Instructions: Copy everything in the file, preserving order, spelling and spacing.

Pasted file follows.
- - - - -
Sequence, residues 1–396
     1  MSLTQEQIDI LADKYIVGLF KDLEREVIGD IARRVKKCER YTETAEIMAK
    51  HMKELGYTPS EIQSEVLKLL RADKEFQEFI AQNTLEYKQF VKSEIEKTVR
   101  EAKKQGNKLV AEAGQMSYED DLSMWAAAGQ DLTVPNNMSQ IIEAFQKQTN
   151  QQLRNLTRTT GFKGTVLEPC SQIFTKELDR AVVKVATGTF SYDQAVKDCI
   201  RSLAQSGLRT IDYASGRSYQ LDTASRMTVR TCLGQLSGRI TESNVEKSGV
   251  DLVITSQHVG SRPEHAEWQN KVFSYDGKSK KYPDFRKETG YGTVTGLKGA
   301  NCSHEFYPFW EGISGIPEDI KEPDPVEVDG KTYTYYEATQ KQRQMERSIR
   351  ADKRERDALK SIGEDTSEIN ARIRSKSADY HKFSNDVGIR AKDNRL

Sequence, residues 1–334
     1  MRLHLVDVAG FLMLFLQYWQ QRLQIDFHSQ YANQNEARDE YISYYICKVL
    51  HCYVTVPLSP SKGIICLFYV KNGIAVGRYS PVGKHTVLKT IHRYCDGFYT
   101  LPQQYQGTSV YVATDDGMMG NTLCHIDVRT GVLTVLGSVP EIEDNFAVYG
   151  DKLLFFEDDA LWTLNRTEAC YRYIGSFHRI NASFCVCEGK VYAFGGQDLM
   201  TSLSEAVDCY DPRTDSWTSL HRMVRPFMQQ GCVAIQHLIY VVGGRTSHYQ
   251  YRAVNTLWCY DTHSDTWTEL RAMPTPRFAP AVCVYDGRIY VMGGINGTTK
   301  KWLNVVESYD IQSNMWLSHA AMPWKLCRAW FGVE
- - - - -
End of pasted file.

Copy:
Sequence, residues 1–396
     1  MSLTQEQIDI LADKYIVGLF KDLEREVIGD IARRVKKCER YTETAEIMAK
    51  HMKELGYTPS EIQSEVLKLL RADKEFQEFI AQNTLEYKQF VKSEIEKTVR
   101  EAKKQGNKLV AEAGQMSYED DLSMWAAAGQ DLTVPNNMSQ IIEAFQKQTN
   151  QQLRNLTRTT GFKGTVLEPC SQIFTKELDR AVVKVATGTF SYDQAVKDCI
   201  RSLAQSGLRT IDYASGRSYQ LDTASRMTVR TCLGQLSGRI TESNVEKSGV
   251  DLVITSQHVG SRPEHAEWQN KVFSYDGKSK KYPDFRKETG YGTVTGLKGA
   301  NCSHEFYPFW EGISGIPEDI KEPDPVEVDG KTYTYYEATQ KQRQMERSIR
   351  ADKRERDALK SIGEDTSEIN ARIRSKSADY HKFSNDVGIR AKDNRL

Sequence, residues 1–334
     1  MRLHLVDVAG FLMLFLQYWQ QRLQIDFHSQ YANQNEARDE YISYYICKVL
    51  HCYVTVPLSP SKGIICLFYV KNGIAVGRYS PVGKHTVLKT IHRYCDGFYT
   101  LPQQYQGTSV YVATDDGMMG NTLCHIDVRT GVLTVLGSVP EIEDNFAVYG
   151  DKLLFFEDDA LWTLNRTEAC YRYIGSFHRI NASFCVCEGK VYAFGGQDLM
   201  TSLSEAVDCY DPRTDSWTSL HRMVRPFMQQ GCVAIQHLIY VVGGRTSHYQ
   251  YRAVNTLWCY DTHSDTWTEL RAMPTPRFAP AVCVYDGRIY VMGGINGTTK
   301  KWLNVVESYD IQSNMWLSHA AMPWKLCRAW FGVE